(Reuters) -The U.S. Food and Drug Administration (FDA) on Wednesday classified an expanded recall of certain ventilators by Philips late last year as Class 1, or the most serious type, saying they could lead to injuries or death.
The Dutch medical equipment company initiated the recall of 215 Trilogy Evo ventilators and 51 repair kits in the United States in December due to potential health risks from a type of foam used in the devices.
So far, there have been no reported injuries or deaths from the products, which were distributed in the United States and Korea, the FDA said.
“We have already reached the majority of affected customers and we will correct this issue via a repair (replacement of the foam) on site in the coming months” a company spokesperson said in an emailed statement to Reuters.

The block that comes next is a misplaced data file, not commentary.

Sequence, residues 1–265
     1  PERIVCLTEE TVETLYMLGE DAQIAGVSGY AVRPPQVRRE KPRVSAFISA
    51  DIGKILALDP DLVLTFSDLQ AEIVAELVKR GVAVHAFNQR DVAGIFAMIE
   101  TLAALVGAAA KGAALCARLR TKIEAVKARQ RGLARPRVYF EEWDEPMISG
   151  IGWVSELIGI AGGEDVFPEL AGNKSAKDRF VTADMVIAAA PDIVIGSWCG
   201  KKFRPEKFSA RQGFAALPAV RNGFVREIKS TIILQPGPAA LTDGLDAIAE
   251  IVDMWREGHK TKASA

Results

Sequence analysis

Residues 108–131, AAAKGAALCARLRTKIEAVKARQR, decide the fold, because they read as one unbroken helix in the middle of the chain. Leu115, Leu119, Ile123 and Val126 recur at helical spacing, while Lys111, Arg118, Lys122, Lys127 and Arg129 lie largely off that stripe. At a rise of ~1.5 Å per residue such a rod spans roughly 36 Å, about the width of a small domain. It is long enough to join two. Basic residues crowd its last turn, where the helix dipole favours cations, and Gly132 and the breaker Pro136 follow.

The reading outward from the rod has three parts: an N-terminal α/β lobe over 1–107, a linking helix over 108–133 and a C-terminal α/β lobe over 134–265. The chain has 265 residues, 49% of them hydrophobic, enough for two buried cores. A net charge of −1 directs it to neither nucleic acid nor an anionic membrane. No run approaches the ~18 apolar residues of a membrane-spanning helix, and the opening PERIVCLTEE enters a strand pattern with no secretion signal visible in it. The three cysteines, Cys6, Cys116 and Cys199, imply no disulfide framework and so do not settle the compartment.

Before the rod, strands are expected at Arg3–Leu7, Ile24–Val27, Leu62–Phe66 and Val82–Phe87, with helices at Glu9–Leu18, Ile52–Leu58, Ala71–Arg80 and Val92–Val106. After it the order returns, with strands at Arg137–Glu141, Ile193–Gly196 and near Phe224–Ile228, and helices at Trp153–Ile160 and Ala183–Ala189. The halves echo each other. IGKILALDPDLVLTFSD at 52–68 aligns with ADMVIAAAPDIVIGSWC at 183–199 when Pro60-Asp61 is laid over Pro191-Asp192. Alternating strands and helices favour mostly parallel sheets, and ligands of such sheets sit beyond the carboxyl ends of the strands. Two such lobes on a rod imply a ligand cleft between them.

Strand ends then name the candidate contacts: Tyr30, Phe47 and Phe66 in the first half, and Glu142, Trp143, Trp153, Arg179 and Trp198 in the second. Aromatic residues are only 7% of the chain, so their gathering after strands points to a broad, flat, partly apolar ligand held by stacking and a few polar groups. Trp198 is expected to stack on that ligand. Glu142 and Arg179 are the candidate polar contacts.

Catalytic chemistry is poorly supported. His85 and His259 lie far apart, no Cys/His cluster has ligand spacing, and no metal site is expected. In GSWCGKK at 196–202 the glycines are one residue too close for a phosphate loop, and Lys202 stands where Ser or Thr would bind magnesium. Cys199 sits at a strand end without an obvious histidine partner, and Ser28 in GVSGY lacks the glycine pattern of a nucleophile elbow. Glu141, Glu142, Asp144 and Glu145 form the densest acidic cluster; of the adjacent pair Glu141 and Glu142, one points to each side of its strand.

This is the latest recall by Philips to be labeled Class 1 after it pulled back up to 4 million breathing-aid machines last year amid concerns that a polyurethane foam used in the devices could degrade and become toxic.
Earlier this month, the company raised that estimate by 1 million.
A Philips supplier had incorrectly used a type of polyurethane foam, which is intended to reduce sound and vibration, in one of the parts of the Trilogy Evo ventilators – an issue that was identified during lab testing, the regulator said on Wednesday.
The supplier used polyester-based polyurethane foam instead of a polyether-based one which is specified for these products and meets all applicable standards, Philips said in the email.
The polyester-based foam could break down and potentially enter the device’s air pathway, leading to the user inhaling chemicals or other harmful materials, the FDA said.
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(Reporting by Amruta Khandekar; Editing by Devika Syamnath and Sriraj Kalluvila)